We’ll come back to the rib motion in a moment, but besides breathing our diaphragm also plays

an important role in managing the pressure in our core. As the top of our core, the diaphragm can set the tone for how pressure is moved. If it contracts down nicely on an inhale, that contraction with force pressure downward and outward in the balloon.


At first, that might sound like a bad thing since we’re talking about protecting the pelvic floor

against too much pressure, but think about when forceful activities tend to happen…sneezing,

coughing, lifting something heavy. They happen when we exhale. So, getting a good diaphragm

breath for the inhale, sets up a good exhale that allows pressure to rise back up away from the pelvic floor.


Also, because the diaphragm attaches to all sides of the rib cage and expands those sides as it

contracts, the pressure pushed into the core is spread equally to all sides. That means the abs,

parapsinals, and pelvic floor can share that pressure. However, for a number of reasons, our bodies can fall into a habit of using other muscles to help expand our lungs instead of relying primarily on the diaphragm.


This altered breathing pattern can be detrimental not only to pressure management in the core but to other things too like neck and shoulder tension, thoracic and rib mobility, and even hip flexor overactivity. So, let’s take a look at how to train the diaphragm to be our primary resting breathing muscle.


Diaphragm Training

Sit in comfortably tall posture in a chair and place your hands on the sides of your lower rib

cage. Take a nice big breath in and notice what happens. Did your hands widen out from an

expanding rib cage? Did your shoulders shrug up or your neck muscles tighten? Or maybe your

back muscled tensed and your spine slightly arched?


Your goal is to repeat this exercise for 5-10 breaths working to feel your ribs pushing out into

your hands while the rest of your body stays relaxed. Try to sneak in 3-4 sets of these breaths

throughout your day. It may not come easily at first, but by tuning into what you’re trying to

accomplish, you’re helping your body learn.


There are 2 parts to this learning:

First, is improving how well you can do this as an exercise, then second, is gradually integrating the diaphragm more into life. Don’t try to jump to the second until you’ve had a consistently good week or so at the first. Learning a new way of moving takes time!


Once you’ve achieved pretty good control, try applying this to common leak-provoking

situations like coughing and sneezing. Focus on making the breath in for your cough or sneeze

come from your diaphragm. This will set your whole core up to better handle those high

pressures during the forceful exhale.


Abdominals

While the “six pack” ab muscles (rectus abdominis) get most of the spotlight, there are actually

4 separate layers of abdominal muscles. Each has a unique function and importance when it

comes to managing pressure in our core.


Functionally, the abs can be broken down into 2 primary groups:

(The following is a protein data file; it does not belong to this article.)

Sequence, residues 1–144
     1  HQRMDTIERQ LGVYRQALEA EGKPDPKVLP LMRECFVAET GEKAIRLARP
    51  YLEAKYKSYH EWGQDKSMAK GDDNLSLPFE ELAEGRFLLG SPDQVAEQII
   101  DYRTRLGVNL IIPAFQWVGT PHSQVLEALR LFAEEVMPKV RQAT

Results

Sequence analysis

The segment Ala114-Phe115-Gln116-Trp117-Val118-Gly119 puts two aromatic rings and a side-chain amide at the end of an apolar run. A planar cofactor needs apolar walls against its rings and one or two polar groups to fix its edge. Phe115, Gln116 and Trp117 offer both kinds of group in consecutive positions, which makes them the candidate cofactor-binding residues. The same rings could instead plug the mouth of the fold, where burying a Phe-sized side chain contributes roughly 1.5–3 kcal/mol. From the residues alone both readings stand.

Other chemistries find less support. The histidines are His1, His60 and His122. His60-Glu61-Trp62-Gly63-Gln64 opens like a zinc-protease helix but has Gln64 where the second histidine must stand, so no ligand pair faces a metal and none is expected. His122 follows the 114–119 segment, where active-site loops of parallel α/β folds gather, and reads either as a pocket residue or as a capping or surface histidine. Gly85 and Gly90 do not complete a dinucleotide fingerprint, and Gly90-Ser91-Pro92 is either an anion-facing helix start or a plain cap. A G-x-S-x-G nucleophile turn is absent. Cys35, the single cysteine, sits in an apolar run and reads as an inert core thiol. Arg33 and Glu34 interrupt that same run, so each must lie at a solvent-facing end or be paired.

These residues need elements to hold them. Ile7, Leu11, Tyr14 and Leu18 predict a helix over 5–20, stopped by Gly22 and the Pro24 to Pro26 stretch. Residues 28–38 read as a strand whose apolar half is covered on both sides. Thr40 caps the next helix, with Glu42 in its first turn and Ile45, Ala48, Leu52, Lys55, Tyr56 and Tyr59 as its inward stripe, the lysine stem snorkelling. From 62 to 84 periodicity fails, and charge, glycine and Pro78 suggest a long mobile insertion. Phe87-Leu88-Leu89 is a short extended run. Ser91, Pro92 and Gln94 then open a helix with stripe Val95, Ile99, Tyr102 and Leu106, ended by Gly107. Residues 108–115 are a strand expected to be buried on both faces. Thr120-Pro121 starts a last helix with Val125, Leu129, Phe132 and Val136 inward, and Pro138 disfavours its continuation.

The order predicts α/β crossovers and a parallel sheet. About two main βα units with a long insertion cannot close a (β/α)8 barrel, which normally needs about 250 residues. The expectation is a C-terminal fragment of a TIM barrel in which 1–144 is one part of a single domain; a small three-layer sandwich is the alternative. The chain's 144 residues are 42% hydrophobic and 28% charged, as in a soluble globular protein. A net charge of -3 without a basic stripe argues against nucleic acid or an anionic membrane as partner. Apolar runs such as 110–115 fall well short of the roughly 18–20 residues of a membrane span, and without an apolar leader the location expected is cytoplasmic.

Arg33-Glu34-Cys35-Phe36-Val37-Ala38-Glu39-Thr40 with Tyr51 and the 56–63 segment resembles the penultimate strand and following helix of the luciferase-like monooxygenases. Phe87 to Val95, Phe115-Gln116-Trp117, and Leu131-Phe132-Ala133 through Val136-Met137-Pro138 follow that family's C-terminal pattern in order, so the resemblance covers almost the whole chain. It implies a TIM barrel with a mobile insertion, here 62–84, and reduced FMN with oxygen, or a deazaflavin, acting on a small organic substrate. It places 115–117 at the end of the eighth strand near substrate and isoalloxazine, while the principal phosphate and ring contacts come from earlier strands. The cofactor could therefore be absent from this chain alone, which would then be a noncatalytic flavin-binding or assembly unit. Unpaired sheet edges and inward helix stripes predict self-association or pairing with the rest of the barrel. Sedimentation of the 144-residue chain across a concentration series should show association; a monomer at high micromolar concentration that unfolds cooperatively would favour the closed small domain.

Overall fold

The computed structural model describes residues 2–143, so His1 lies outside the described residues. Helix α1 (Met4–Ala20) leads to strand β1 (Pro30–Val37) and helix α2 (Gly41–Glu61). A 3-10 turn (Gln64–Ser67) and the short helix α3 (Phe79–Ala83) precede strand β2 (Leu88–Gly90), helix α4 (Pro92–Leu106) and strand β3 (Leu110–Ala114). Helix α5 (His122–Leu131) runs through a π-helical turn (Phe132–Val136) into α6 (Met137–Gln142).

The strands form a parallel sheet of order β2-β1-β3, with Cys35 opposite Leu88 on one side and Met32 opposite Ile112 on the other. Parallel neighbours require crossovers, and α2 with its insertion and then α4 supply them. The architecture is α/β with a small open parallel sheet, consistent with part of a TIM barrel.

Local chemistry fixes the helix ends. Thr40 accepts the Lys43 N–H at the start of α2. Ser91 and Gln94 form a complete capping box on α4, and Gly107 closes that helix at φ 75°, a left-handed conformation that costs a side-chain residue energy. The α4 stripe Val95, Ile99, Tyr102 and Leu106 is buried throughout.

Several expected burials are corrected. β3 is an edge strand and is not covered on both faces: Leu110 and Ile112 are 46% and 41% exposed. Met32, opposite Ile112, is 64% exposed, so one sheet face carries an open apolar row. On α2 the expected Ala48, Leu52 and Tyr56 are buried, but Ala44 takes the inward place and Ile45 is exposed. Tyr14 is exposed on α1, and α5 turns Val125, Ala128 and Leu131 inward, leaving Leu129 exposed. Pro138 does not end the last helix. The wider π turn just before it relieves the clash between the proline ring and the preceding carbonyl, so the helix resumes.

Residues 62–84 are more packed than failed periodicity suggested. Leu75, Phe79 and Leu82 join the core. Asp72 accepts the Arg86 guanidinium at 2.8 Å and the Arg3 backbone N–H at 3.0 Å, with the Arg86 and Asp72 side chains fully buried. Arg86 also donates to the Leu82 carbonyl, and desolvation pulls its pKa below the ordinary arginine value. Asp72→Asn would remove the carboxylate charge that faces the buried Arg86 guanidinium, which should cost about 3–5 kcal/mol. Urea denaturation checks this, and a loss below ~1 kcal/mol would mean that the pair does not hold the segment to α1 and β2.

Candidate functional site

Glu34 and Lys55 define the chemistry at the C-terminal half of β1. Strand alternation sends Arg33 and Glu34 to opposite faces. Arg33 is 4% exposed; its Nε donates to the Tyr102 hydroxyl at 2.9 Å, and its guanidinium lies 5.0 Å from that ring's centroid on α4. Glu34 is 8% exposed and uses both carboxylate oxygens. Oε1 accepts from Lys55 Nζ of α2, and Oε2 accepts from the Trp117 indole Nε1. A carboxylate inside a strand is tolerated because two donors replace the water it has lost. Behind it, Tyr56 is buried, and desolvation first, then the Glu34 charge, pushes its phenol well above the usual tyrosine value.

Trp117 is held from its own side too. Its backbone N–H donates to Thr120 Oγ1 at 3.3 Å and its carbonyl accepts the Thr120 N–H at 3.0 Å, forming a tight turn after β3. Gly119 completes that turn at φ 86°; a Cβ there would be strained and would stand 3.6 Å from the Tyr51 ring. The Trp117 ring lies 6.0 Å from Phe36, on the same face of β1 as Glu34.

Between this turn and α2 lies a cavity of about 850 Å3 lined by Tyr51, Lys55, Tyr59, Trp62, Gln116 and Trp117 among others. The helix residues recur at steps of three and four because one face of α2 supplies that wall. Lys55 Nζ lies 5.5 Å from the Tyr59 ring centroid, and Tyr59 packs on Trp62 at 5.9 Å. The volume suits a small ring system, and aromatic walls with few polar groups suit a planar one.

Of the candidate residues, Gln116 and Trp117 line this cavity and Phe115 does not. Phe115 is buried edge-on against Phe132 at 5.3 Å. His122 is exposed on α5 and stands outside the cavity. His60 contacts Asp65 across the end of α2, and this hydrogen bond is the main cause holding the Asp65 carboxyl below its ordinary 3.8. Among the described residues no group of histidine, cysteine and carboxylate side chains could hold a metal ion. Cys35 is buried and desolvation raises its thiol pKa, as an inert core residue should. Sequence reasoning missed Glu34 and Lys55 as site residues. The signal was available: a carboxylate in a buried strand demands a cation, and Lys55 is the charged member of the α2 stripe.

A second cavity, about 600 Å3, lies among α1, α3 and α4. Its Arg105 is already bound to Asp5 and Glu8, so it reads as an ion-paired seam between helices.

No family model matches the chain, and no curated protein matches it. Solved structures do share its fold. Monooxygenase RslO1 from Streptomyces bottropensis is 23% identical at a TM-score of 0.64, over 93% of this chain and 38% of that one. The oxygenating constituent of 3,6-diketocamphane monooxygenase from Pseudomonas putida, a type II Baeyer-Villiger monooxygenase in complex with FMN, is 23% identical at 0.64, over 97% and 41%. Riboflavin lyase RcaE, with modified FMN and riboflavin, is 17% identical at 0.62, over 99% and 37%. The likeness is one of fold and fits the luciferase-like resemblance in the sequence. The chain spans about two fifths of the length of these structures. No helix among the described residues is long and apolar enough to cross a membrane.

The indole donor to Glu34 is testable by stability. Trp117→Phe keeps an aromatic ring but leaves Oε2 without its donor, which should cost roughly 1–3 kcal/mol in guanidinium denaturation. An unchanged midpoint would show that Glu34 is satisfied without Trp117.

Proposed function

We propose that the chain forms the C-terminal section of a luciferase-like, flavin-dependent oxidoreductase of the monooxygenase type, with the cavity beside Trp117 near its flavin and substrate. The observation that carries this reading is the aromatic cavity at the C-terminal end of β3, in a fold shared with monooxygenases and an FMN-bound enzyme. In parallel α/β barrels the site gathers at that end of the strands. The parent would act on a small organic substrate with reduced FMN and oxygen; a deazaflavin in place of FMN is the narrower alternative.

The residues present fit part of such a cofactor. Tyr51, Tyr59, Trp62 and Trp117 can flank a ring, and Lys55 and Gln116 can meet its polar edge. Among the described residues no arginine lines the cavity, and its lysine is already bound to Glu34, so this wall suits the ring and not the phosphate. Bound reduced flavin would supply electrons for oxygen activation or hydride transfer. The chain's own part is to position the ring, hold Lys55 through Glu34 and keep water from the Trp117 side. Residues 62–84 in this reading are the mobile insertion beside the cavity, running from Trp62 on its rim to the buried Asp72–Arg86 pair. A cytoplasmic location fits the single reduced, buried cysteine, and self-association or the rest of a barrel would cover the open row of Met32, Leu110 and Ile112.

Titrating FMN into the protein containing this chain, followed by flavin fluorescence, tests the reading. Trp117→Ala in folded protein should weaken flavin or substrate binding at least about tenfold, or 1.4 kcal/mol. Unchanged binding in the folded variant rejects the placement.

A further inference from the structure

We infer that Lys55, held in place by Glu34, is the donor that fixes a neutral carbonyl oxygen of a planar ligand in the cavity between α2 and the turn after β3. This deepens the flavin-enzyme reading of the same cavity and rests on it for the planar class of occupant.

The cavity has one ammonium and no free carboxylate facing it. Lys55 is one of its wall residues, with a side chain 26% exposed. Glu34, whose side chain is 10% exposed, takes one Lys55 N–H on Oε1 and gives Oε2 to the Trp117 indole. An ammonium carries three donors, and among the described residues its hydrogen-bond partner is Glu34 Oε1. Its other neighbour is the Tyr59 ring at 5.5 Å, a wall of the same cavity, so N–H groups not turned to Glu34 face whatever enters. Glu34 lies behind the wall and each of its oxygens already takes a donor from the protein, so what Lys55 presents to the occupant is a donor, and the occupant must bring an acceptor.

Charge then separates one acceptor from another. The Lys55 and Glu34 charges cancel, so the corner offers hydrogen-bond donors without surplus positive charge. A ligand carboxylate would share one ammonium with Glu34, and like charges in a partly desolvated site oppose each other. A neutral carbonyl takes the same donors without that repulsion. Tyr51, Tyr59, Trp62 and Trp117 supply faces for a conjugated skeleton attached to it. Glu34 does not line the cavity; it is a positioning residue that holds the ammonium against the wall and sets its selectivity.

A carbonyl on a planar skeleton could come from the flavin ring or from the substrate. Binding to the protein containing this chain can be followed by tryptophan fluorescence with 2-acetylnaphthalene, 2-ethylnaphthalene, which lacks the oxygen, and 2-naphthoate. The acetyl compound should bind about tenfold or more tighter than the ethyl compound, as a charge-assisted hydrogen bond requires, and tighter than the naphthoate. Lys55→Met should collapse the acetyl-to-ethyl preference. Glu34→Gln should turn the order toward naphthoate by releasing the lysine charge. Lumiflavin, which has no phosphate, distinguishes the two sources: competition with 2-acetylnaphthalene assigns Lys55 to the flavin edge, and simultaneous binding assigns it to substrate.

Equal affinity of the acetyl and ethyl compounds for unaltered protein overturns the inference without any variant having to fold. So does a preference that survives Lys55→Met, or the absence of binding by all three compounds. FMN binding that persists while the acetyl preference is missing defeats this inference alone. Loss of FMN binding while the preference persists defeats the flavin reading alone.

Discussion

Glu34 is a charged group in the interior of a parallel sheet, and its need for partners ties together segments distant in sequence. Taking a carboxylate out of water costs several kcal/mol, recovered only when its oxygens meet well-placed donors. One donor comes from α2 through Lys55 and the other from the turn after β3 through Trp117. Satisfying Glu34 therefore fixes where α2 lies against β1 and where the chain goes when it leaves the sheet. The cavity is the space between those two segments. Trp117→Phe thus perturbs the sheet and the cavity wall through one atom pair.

• Strong movers- thicker, stronger muscles meant to create movement in our trunk but work in shorter bouts (think- crunches, twists, etc)

  • Deep stabilizers- thinner muscles meant to work more continuously but with less overall strength in order to keep adequate tension in our abdomen.

This distinction is important because if these two groups aren’t balanced, issues can arise. The

deep stabilizers give a sturdy base for many muscles, including the strong movers, to work

from. These deeper muscles create tension within the abdominal fascial system, the webbing

that helps connect all 4 layers together as one strong unit.


Without that fascial tensioning, the front wall of the core balloon has weak spots and is less able to stabilize our trunk. This can lead to compensations from other muscle groups (for example: overactive paraspinals or hip flexors) and the core imbalances become greater.


Deep Stabilizers

The pelvic floor muscles function more like deep stabilizers as well, and they often work together with the deep abdominals. In fact, to achieve a maximal contraction of the pelvic floor, the deep abdominals must kick in to help. That means, if the deep abs aren’t working optimally, likely the pelvic floor isn’t either.


So, a great place to start training the abs postpartum is often with reconnecting to the deepest layer of abs, specifically the transversus abdominis (TA). While this muscle spans the length of the abdominal cavity, we’re going to focus on the lower portion that lies between the belly button and the pubic bone. And because these muscles are stabilizers, our exercise focus initially will be less about “strength training” and more about gaining awareness of how to contract the lower TA and then on building some endurance in it.


To start, lie on your back with your knees bent and feet flat on the ground. If that position isn’t

good for your body, you can also recline back on a bench or pillows so you’re not lying flat. Place

your fingers on the bones that stick out prominently on the front of each side of your pelvis

(your ASIS).


From there, move your fingers about an inch in toward your belly button. If you press into your abdomen at rest, your tissues should feel soft and squishy. Conversely, why you contract the muscles in that location, you should feel the area firm. This is a nice way to tell if you’re getting the right contraction as you practice.